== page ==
- French Bulldog Rescue Network (FBRN) – Founded in 2001, FBRN is a volunteer-run organization that focuses on the rescue, rehabilitation, and rehoming of French Bulldogs in need which may include merle Frenchies, too. FBRN is an all-inclusive organization that does not discriminate against any of its members, vendors, or adopters.
- Short Noses Only Rescue Team (SNORT) – SNORT is focused on the rescue of snub-nosed dogs, mostly in the Northeast United States, which includes the French Bulldog and all its variants. They have a non-refundable adoption application fee of $15, then a phone interview and a home evaluation will be scheduled as part of the application process.
- French Bulldog Village (FBV) – As a non-profit organization, FBV has a mission to rescue, rehabilitate, and rehome French Bulldogs and their mixes, along with merle Frenchies as well. They also advocate owner education for the responsible acquisition and ownership of the breed.
Some misguided owners of merle Frenchies are not aware of the possible health issues that these dogs carry. Hence, they end up in animal shelters and rescues, waiting for loving adoptive homes.
Best Dog Names for Your Merle French Bulldog Puppy
One of the most exciting tasks of acquiring any puppy is giving it a name that will symbolize your special attachment to it.
When giving your merle Frenchie a name, you may match it based on its appearance, color, or something special to you. What is important is that it sounds pleasant, and your dog can easily identify with it.
To help you with this task, here are some name suggestions for a male merle French Bulldog:
Meanwhile, here are some names to consider for a female merle Frenchie:
Remember that your dog’s name will last for its lifetime, so take your time and decide on something that you will love hearing repeatedly.
Frequently Asked Questions
Are Merle French Bulldogs Healthy?
The health disposition of a merle French Bulldog depends on how it is bred. If it is produced out of one merle and one non-merle parent, it is acceptable, and you don’t have to worry too much about health problems.
However, if it is bred out of two merle dogs, it is prone to many illnesses, including blindness and deafness. Taking care of double-merle Frenchies will need a lot of time and attention.
Why Are Merle French Bulldogs So Expensive?
Aside from the difficulty and expertise needed in breeding merle Frenchies, the cost of producing them is also expensive since most Frenchies require artificial insemination and a cesarean method of delivery.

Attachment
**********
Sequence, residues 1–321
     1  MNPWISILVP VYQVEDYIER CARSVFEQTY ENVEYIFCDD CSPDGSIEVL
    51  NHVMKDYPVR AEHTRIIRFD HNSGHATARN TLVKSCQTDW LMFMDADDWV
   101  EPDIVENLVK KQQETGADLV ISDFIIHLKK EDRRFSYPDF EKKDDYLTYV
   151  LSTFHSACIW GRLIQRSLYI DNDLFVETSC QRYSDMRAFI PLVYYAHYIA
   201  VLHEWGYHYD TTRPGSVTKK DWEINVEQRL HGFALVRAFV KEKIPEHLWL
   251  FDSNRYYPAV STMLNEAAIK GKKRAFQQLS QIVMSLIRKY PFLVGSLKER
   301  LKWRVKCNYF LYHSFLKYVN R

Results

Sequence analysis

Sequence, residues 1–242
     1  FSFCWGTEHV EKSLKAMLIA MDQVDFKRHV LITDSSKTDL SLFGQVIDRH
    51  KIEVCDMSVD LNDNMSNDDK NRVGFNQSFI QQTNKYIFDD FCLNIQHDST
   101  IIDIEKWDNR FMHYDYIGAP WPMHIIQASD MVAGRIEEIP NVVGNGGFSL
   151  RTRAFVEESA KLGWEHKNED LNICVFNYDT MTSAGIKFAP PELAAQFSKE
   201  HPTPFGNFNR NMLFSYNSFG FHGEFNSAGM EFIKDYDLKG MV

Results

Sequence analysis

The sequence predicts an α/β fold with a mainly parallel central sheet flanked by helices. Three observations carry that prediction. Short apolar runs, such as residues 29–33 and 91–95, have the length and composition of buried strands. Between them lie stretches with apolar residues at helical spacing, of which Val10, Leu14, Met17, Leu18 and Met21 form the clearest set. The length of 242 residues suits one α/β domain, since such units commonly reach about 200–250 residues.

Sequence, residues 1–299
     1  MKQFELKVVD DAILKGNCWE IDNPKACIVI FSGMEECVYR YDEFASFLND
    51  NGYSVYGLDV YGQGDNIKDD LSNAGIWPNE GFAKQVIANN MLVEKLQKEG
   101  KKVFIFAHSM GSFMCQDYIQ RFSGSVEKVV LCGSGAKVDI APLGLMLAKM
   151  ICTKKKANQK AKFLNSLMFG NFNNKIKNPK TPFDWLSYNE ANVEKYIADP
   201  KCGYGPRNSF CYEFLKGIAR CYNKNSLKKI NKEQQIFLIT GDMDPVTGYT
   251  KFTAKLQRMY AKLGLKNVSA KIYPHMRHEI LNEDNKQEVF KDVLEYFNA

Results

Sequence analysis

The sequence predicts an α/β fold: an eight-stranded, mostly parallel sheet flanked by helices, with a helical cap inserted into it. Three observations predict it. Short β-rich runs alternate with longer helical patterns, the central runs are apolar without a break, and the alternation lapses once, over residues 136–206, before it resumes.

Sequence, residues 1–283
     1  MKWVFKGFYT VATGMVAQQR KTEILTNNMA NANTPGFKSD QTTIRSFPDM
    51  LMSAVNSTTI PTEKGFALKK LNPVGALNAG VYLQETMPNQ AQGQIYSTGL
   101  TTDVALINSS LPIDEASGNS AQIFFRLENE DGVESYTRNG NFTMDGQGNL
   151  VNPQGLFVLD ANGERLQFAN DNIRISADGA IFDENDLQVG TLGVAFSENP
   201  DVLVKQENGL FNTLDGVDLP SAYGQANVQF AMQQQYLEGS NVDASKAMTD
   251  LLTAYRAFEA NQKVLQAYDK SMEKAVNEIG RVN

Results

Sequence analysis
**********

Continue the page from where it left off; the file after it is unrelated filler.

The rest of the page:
Further, the rarity of this color in Frenchies and the demand for such also contributes to its high price.
Do Merle French Bulldogs Have Blue Eyes?
Yes, the gene causing the merle French Bulldog’s coat color is mostly responsible for its vibrant blue or partially blue eyes. This type of blue eye color remains until adulthood due to its lack of melanin in the eyes.
Do Merle French Bulldogs Shed?
Merle French Bulldogs shed all year round, just like their other colored counterparts. They also shed even heavier at least twice a year as they adapt to the existing weather conditions around them.
Regular brushing at least once a week should be good for managing your merle Frenchie’s shedding. This needs to be done more often during the heavy shedding seasons.
What Is the Rarest Color for French Bulldogs?
The rarest colors for French Bulldogs include blue, lilac, blue & tan, and chocolate & tan.
Generally, all merle Frenchies are also considered rare. However, for the variants, the rarest ones are the lilac merle, choco merle, and blue merle French Bulldogs. This makes them the most expensive ones, as well.
Before you shell out a lot of cash for an understandably captivating merle French Bulldog, ensure that you have thoroughly studied the ins and outs of handling one, especially from a health perspective.
It is also critical to take your time to get to know your breeder more and the background of the merle Frenchie you are interested in.
It is always best to avoid double-merles so you don’t end up spending more on medical expenses.
The merle French Bulldog may indeed be expensive, but if bred ethically, you end up with a very beautiful dog with a well-rounded personality.
Let us know how you feel about this rare and unique dog in the comments!